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Why Paul McCartney And Ringo Starr Weren’t Interviewed For Peter Jackson’s The Beatles Get Back

The Beatles are, quite simply, one of the biggest bands that has ever existed. Considering their popularity, it’s no surprise that an endless amount has been written about them and multiple documentaries and even dramatic films have been made about them. And while we unfortunately lost John Lennon far too early, the rest of the Beatles have been more than willing to talk about their time making music when they’ve been asked. But for the new Disney+ documentary series The Beatles: Get Back, Peter Jackson decided he did not want to ask. While he could have brought Paul McCartney and Ringo Starr in for modern interviews, Jackson says that’s not the way he wanted to tell the story.

The Beatles: Get Back is based on hundreds of hours of material that was produced in 1969 when John, Paul, George, and Ringo came together to record music for the album that would become Let it Be. Most of this material has never seen the light of day. I had a chance to speak with Director Peter Jackson about the documentary series and he told me that he felt that the footage by itself tells a story that is exciting and interesting enough that it didn’t need modern context. He explained... 

I decided very early to not interview Paul or Ringo or anyone else. I didn't want modern day interviews in this footage. I didn't want that 50 year gap. I wanted everybody to head back to 1969, and be in the room with the Beatles and just let them tell their story. So that was the plan. And that's effectively what we've done.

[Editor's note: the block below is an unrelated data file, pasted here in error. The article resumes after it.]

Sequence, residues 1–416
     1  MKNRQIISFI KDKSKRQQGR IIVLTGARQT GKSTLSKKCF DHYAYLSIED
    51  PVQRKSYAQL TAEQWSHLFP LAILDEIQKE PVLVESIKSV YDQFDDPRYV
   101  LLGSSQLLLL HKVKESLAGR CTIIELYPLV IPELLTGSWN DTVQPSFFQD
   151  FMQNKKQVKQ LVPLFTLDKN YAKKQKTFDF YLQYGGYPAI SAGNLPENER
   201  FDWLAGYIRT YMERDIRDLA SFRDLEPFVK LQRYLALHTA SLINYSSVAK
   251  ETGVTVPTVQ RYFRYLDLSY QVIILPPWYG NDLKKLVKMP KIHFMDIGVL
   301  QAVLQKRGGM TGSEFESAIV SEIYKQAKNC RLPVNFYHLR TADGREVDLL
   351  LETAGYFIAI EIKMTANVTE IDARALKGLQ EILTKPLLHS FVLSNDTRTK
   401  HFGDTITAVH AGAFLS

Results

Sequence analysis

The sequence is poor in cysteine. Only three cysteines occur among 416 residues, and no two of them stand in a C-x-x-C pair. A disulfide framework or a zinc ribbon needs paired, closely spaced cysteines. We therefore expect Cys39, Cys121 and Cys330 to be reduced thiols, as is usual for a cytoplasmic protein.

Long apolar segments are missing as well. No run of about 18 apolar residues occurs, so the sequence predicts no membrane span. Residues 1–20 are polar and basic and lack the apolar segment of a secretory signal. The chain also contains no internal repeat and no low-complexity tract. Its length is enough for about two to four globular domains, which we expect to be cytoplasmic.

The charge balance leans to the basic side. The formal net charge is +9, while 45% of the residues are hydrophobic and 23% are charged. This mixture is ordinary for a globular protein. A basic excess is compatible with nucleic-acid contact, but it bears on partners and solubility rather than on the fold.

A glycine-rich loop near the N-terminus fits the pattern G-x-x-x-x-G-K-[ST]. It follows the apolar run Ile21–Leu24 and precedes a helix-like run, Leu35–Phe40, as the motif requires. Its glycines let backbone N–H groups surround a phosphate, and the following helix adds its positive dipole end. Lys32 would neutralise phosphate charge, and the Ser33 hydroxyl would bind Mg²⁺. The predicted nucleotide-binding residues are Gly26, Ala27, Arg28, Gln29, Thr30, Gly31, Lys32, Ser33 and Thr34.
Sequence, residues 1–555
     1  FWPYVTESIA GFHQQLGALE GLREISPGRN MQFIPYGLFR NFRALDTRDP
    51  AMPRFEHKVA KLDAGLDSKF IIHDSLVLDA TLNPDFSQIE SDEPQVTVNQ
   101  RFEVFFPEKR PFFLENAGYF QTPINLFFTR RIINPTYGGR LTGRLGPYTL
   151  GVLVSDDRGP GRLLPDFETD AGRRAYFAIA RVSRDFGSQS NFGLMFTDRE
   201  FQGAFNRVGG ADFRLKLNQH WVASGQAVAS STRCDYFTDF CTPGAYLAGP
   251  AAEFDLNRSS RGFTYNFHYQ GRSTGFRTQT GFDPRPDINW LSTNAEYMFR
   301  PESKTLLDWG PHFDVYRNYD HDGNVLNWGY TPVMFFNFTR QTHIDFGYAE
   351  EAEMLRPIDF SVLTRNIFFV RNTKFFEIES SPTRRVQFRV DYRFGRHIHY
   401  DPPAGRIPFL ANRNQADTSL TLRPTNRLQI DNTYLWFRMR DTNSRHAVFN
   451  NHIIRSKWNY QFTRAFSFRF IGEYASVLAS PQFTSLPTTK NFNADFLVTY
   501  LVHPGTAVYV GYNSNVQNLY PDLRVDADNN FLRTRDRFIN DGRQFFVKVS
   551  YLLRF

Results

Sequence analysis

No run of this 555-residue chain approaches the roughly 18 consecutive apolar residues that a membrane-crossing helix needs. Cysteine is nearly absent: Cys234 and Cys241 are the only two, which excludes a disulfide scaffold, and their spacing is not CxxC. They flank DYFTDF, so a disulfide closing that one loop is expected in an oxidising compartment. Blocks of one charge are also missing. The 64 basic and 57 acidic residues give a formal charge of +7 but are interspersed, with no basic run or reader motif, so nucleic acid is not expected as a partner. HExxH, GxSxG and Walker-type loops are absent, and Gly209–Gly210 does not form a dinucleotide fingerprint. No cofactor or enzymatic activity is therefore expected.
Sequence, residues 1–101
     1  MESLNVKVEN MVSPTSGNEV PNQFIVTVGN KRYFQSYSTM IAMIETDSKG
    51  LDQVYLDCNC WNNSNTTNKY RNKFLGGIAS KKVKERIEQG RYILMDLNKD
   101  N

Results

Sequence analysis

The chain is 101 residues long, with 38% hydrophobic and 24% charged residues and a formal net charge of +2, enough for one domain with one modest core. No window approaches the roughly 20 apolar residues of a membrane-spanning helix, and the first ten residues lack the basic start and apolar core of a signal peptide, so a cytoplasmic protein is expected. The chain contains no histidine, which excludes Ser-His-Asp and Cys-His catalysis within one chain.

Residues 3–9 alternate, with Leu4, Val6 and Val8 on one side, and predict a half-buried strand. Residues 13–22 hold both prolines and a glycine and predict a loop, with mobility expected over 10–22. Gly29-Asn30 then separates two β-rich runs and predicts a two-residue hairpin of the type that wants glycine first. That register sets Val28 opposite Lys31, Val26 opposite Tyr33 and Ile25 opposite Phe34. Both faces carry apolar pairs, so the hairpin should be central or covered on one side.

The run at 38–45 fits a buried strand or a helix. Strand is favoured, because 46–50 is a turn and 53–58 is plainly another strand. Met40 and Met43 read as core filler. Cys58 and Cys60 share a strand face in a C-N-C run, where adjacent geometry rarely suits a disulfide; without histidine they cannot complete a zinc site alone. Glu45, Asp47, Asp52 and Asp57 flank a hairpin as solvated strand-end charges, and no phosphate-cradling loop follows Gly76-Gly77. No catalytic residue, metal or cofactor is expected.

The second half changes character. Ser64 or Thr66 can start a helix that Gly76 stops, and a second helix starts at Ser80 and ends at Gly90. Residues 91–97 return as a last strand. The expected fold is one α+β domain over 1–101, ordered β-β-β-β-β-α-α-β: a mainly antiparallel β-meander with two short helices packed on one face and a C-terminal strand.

Peter Jackson told me that finding a story to tell in The Beatles: Get Back was quite easy because the footage itself basically does that already. If you follow The Beatles during each day of this recording session, you see how the various pieces of Let it Be come together. There are plenty of ups and towns and tension and drama along the way to make the story compelling for the viewer. 

While it would certainly be interesting to get the impressions of Paul McCartney and Ringo Starr, as well as, potentially, the friends or family of John Lennon and George Harrison, Jackson felt adding a modern perspective would take viewers out of the moment, and he wanted everybody to go along for the ride. A modern look back would have the benefit of hindsight, and that’s what Jackson wanted to remove, as he said...

The actual story is really interesting day by day, you sort of follow, kind of per day, and then you get to actually accompany the Beatles as this thing happens almost real time in a way to them. It’s Tuesday, they don't know what's going to happen on Thursday, and we don’t know what’s going to happen on Thursday.

While we know what the final product of these sessions were, we certainly don’t know the truth of the day-by-day, and any fan of the Beatles is going to want to watch The Beatles Get: Back and watch this story unfold. The documentary series airs in three parts on three straight nights beginning November 24. 

Dirk Libbey

CinemaBlend’s resident theme park junkie and amateur Disney historian. Armchair Imagineer. Epcot Stan. Future Club 33 Member.